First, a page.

update...:Coast Guard: ‘El Faro’ Likely Sank in Hurricane
– One Body Spotted, Heavily Damaged Lifeboat Found
MV El Faro. Photo
MV El Faro. Photo
: MarineTraffic.com/Capt. William Hoey
The U.S. Coast Guard said Monday that the American cargo ship El Faro likely sank after sailing into the path of Hurricane
Joaquin on Thursday.
The Coast Guard has also confirmed that search crews had spotted a body in a survival suit and an empty, heavily damaged lifeboat – both believed to be from the missing ship.
The Coast Guard told gCaptain that a rescue
swimmer entered the water
and confirmed that the person in the survival suit was deceased but, due to conditions and the ongoing active search for survivors, recovery of the body was not possible. The lifeboat was also not recovered, but markings on the boat indicated that it was from El Faro.
An active search for El Faro’s 33 crew members continued off Crooked Island in the Bahamas
on Monday after already covering 70,000 square nautical miles since communication was lost
with the ship and its crew. The search is no longer focussed on locating the ship.
Communication with the 790-foot roll-on/roll-off containership was lost
Thursday morning (Oct. 1) after El Faro’s Master reported via satellite
notification received at 7:20 EST that the vessel was beset by Hurricane Joaquin while en route
to San Juan
, Puerto Rico
, from Jacksonville
. The notification said that the ship had lost propulsion
and had taken on water
, but the issue was contained and being managed by the crew. The notification added that the ship had a 15 degree list.
The vessel departed Jacksonville
bound for San Juan
on September 29th with 391 containers, 294 trailers and cars. At the time of El Faro’s departure, the vessel’s officers and crew were monitoring what was then Tropical Storm Joaquin.
Hurricane Joaquin is pictured off the east coast
of the United States in this handout photo provided by NOAA, taken October 1, 2015. Search-and-rescue teams on Sunday located debris appearing to belong to the cargo ship El Faro, which went missing in the eye of Hurricane Joaquin with 33 mostly American crew members aboard more than three days ago, the U.S. Coast Guard and the ship's owner said.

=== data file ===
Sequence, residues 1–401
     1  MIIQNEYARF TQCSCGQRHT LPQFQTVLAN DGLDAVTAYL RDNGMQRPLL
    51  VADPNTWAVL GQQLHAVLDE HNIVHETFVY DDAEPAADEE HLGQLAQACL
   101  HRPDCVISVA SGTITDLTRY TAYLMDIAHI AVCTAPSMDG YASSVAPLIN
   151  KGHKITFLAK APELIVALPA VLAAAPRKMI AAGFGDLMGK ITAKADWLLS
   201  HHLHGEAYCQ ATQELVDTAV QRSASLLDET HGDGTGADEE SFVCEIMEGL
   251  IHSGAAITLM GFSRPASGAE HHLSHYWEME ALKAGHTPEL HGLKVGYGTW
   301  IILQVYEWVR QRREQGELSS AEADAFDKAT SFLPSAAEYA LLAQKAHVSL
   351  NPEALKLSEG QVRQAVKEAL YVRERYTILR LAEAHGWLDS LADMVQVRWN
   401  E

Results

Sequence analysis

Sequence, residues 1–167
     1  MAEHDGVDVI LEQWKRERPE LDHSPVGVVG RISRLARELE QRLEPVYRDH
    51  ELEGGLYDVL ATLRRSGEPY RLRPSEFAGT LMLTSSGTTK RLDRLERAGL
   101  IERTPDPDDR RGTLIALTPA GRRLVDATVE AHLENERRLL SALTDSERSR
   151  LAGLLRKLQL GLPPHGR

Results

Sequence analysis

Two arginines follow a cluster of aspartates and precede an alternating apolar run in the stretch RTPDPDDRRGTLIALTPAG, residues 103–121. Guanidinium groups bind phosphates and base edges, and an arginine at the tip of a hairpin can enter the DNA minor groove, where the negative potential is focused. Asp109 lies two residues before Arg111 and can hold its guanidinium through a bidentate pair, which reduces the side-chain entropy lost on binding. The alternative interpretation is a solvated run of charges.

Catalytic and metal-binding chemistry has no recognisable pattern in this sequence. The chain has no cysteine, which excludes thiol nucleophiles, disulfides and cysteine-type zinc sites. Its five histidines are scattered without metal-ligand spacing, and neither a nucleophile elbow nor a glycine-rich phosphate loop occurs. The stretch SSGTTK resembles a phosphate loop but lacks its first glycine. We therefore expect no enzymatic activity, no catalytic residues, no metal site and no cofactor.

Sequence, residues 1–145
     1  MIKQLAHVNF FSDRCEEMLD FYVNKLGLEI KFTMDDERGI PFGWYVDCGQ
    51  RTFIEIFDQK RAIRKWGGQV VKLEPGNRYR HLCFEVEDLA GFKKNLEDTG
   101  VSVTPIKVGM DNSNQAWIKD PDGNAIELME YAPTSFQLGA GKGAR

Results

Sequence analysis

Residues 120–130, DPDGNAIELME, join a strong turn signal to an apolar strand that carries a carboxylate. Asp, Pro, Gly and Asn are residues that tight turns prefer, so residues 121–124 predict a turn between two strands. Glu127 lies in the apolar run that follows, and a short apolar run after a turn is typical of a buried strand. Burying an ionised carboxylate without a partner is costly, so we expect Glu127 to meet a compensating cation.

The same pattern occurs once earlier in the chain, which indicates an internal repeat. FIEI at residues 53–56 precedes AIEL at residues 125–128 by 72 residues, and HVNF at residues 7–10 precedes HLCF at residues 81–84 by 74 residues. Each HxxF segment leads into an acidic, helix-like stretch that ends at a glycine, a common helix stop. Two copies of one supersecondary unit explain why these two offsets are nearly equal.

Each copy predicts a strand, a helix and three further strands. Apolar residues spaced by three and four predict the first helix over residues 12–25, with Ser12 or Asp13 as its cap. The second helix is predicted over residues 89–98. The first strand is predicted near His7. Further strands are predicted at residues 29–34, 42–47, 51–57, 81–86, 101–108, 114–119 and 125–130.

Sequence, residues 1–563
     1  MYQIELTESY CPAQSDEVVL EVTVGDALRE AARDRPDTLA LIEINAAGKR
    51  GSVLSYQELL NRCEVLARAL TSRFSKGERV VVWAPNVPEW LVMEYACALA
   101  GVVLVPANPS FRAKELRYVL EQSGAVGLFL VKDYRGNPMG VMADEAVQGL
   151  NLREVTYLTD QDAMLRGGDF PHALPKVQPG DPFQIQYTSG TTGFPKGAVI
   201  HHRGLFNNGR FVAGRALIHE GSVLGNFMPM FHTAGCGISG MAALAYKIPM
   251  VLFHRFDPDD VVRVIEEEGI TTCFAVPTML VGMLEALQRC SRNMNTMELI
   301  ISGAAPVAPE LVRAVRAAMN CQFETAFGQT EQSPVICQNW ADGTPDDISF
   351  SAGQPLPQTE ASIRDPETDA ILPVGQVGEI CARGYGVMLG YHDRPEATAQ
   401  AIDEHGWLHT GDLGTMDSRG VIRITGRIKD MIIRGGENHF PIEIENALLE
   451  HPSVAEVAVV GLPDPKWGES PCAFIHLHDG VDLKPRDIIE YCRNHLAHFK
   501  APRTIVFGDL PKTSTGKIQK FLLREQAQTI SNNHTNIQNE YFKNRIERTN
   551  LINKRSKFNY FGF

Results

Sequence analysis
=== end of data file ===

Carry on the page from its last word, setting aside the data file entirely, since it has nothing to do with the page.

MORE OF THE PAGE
El Faro is owned and operated by TOTE Maritime Puerto Rico
, a division of TOTE Maritime. The sailing was authorized by TOTE Maritime Puerto Rico. The crew are qualified members of the Seaman’s International Union and the American Maritime Officers (SIU and AMO), TOTE said.
A of Sunday night, the search for the El Faro and its 33 crewmembers – comprised of 28 Americans and 5 Polish nationals – covered 70,000 nautical square miles. On Saturday, a life ring was recovered in the search area and confirmed to be from the El Faro. Later on Sunday, search crews found a debris field covering 225 nautical miles that consisted of life jackets, life rings, containers and an oil
sheen, although the debris had not been confirmed from the El Faro as of Sunday night but was said to be consistent with the missing ship.
A fact sheet provided by TOTE said the El Faro was equipped with two lifeboats, one of each side of the ship. The boats are open-top type (vs enclosed) and each certified to carry 43 people. One is propelled by manual power and the other by a small diesel engine
. The ship also carries five life rafts that normally need to be manually launched.
has hampered search efforts off Bahamas
since Thursday, when Hurricane Joaquin, centered directly over the search area, grew to a dangerous Category 4 storm with winds in the search area reported to be 140 miles per hour and sea conditions of 20 to 40-feet. Joaquin strengthened a bit Saturday as it moved slowly northeast towards Bermuda
, but as of Sunday the storm was downgraded to a Category 2 storm with winds of 110 miles per hour.
Coast Guard assets involved in the search since Thursday have included two HC-130 Hercules airplanes, the cutters Northland, Sexton and Resolute, and an MH-60 Jayhawk helicopter. The search has also involved the U.S. Air Force, the U.S. Navy
and several tugboats contracted by El Faro‘s owner, TOTE Maritime.
El Faro was built in 1975 and was updated in 2006. The ship is one of two TOTE vessels sailing the Jones Act U.S. mainland to Puerto Rico trade route
. TOTE Maritime also has an Alaskan division, TOTE Maritime Alaska
, which operates two Orca-class ships sailing between Tacoma, Washington
and Anchorage, Alaska
. El Faro, formerly Northern Lights
, was originally built for the Alaskan trade
and served the trade route for a number of years.
TOTE says El Faro is a well maintained vessel that is classed by ABS and regularly inspected by class and port state, and has regularly been updated throughout its life.
“It is a sturdily built vessel in good condition, and meets all standards and certifications regardless of its age,” TOTE Maritime said on its website.